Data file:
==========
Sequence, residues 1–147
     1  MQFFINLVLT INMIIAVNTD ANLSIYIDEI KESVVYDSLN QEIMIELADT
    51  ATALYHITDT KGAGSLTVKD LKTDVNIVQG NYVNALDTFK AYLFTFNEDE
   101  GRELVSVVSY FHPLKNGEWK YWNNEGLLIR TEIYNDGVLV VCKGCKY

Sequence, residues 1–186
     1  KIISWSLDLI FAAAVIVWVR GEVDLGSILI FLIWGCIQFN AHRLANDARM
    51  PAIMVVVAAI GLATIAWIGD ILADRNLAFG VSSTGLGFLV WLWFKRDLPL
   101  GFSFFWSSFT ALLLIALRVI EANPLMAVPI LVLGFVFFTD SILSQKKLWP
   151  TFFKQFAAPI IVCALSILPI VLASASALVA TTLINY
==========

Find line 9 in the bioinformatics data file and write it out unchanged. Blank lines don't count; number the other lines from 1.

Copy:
   151  TFFKQFAAPI IVCALSILPI VLASASALVA TTLINY